This is an excerpt from a presentation I give to college students and to prospective entrepreneurs about types of business entities.
A college professor (who’s also an attorney) told me that my presentation on this subject is the best, clearest and most-concise overview of the topic that she’s ever seen.
I’m flattered by the compliment, and will try to translate those positives into a series of blog posts.
Over the course of more than 6 months and 9 parts, I’ve given an overview of the tax aspects of business entities.
The thing that I haven’t given is advice on how to choose what type of entity to be.
That’s because there’s no magical checklist for deciding. But here are a few considerations.
- How much liability protection do you need? In some cases, staying a sole proprietor but having a good liability policy in place may be your best move. This is a conversation to have with an attorney.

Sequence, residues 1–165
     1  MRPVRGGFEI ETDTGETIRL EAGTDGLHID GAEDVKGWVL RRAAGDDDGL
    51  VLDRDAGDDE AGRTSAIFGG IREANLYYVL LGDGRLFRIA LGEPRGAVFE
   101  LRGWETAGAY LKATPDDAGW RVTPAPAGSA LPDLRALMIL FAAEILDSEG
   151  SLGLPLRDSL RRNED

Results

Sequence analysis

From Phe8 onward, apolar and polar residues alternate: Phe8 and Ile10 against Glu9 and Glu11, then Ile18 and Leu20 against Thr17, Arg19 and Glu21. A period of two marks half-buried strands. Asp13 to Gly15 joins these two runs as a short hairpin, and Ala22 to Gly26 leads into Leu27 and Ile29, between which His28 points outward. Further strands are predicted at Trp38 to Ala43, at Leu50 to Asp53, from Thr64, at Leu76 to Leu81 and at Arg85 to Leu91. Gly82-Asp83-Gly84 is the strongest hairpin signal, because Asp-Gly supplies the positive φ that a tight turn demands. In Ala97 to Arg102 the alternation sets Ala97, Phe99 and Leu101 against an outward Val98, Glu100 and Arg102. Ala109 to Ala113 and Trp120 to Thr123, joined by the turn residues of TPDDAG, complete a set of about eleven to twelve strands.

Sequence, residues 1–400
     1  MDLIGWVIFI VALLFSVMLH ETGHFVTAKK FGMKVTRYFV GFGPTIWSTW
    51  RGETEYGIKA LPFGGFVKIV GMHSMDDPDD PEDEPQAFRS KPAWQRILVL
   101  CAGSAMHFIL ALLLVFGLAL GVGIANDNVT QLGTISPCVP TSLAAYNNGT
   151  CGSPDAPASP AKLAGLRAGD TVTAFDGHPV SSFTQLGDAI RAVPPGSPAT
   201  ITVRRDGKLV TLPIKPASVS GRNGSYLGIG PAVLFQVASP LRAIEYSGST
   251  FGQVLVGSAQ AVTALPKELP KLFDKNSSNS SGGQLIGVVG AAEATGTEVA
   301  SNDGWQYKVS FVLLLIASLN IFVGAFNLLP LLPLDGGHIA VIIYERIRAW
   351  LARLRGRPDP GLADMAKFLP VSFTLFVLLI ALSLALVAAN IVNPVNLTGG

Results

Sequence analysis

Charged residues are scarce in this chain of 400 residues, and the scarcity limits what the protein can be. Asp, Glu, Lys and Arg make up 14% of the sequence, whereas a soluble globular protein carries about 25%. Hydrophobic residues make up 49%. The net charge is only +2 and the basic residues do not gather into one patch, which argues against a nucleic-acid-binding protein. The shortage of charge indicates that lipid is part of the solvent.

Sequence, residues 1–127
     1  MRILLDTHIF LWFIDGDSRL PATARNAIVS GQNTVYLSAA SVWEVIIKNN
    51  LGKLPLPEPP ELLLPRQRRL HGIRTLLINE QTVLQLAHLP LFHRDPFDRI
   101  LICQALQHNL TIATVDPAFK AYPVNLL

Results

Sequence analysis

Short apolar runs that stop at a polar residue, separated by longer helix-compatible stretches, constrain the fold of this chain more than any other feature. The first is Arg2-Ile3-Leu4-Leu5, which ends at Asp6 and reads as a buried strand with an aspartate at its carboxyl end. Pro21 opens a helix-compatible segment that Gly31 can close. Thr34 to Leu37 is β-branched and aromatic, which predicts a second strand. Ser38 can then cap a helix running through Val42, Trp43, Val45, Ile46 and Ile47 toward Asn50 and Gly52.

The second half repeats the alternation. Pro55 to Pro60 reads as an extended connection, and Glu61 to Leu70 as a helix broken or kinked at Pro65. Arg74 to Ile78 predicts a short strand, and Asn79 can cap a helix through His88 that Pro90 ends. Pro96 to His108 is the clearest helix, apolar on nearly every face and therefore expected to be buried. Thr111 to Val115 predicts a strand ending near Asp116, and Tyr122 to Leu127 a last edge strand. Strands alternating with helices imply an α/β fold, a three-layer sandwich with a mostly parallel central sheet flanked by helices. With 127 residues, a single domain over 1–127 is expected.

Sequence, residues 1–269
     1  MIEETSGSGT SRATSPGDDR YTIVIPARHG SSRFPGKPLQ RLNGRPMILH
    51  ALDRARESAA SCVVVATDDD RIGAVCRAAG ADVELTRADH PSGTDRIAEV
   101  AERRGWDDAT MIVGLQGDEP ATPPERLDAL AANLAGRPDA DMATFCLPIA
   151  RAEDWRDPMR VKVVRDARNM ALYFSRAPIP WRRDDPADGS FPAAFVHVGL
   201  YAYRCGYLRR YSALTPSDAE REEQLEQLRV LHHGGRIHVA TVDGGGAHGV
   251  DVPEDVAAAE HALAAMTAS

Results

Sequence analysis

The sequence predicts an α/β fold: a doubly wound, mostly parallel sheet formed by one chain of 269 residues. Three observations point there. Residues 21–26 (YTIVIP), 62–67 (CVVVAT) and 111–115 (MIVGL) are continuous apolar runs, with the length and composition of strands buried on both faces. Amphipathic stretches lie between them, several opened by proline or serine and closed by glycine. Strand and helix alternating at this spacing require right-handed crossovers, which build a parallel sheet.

- How much income will you have? How does this compare with the salary you could get doing similar work as an employee? (This is important because you might want to incorporate if you have enough income to pay yourself a salary.)
- How many investors will you have? What type of investors will you have? (Will they all be individual US citizens? Will there be other business entities who will become investors?)
- Will you be keeping most of your profit inside the business? In that case a C-corporation may make the most sense.
- Will you have real estate, such as land or buildings? LLCs are usually best for holding real estate, rather than corporations.
As you can see, the decision of choosing a business entity is not a simple check-box thing. It involves thought and input from multiple advisors, including your accountant and attorney.